contributions regarding the Act did not exemplify a genuine interest in the outcome
of the application, and the applicant had not established that the application was
a reasonable and effective way of bringing the issues before the courts.
Cases referred to
Canada (Attorney General) v. Downtown Eastside Sex Workers United Against
Violence Society,  2 S.C.R. 524,  S.C.J. No. 45, 2012 SCC 45,
325 B.C.A.C. 1, 434 N.R. 257, 34 B.C.L.R. (5th) 1, 2012EXP-3353, J.E. 2012-1793,
EYB 2012-211411,  10 W.W.R. 423, 95 C.R. (6th) 1, 267 C.R.R. (2d) 1,
290 C.C.C. (3d) 1, 352 D.L.R. (4th) 587, 220 A.C. W.S. (3d) 536, 103 W.C.B. (2d) 625
Statutes referred to
Canadian Charter of Rights and Freedoms, ss. 7, 15
Constitution Act, 1867, s. 96
Insurance Act, R.S.O. 1990, c. I.8, ss. 267.5(1) [as am.], 280
APPEAL from the order of Belobaba J.,  O.J. No. 2777, 2017
ONSC 2884 (S.C.J.) dismissing an application for a declaration.
Rocco Galati and Peter Murray, for appellant.
Daniel Guttman and Padraic Ryan, for Attorney General of
Jeff Galway, for Insurance Bureau of Canada.
 BY THE COURT: — The appellant appeals from the dismissal
of his application for a declaration that two provisions of
the Insurance Act, R.S.O. 1990, c. I.8, relating to automobile accident claims — ss. 267.5(1) and 280 — violate ss. 7 and 15 of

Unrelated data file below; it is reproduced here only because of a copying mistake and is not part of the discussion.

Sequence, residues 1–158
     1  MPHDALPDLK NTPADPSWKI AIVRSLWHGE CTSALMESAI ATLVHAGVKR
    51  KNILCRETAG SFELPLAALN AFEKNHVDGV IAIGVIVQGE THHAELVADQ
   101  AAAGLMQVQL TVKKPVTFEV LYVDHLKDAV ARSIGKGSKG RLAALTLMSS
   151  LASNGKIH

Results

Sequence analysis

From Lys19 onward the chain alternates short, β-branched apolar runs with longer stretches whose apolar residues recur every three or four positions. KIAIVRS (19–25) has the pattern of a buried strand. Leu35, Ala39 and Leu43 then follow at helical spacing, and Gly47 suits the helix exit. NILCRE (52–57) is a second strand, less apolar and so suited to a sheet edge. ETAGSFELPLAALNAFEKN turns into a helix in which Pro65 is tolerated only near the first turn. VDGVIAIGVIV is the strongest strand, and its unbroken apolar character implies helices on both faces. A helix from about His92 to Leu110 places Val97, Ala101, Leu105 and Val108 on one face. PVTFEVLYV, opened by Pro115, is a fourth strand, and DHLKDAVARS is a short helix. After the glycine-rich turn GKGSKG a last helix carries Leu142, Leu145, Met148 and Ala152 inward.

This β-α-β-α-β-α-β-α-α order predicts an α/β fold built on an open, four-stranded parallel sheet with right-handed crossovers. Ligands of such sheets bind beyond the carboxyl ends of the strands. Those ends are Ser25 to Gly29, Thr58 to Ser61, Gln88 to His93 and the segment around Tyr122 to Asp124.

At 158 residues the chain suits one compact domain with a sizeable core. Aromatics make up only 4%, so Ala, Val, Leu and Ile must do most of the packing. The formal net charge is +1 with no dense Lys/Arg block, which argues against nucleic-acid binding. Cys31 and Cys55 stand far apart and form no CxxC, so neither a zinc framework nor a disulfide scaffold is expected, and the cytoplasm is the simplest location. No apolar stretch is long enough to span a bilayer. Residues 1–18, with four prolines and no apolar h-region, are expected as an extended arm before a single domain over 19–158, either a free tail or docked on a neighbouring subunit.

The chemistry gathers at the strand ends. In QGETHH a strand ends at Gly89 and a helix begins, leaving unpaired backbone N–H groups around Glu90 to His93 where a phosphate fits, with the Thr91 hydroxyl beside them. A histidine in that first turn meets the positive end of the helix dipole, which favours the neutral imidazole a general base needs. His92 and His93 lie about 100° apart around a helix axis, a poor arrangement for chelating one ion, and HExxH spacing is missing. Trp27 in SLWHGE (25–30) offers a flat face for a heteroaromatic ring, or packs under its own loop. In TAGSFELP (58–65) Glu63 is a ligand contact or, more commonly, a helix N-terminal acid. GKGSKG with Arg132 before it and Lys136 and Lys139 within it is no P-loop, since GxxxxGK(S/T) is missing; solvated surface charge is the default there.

the Canadian Charter of Rights and Freedoms and that s. 280
contravenes s. 96 of the Constitution Act, 1867. Section 267.5(1)
places limits on the recovery of pre-trial income loss and s. 280
confers jurisdiction over statutory accident benefits disputes to
an administrative tribunal.
 The application judge found that the appellant, a lawyer,
lacked private and public interest standing to bring the application. The fact that his practice involved representing clients who
were affected by these provisions did not give him standing to
mount a challenge to the sections. The appellant maintains that
the application judge erred in denying both private and public
 We disagree.
 In our view, the application judge correctly determined that
private interest standing is not made out. The appellant failed to
demonstrate that the impugned provisions affect him personally
and directly. The appellant’s experience litigating insurance
claims and his concern for properly advising his clients and for
adequately settling their claims falls short of establishing that the
provisions had a direct impact on him. As the application judge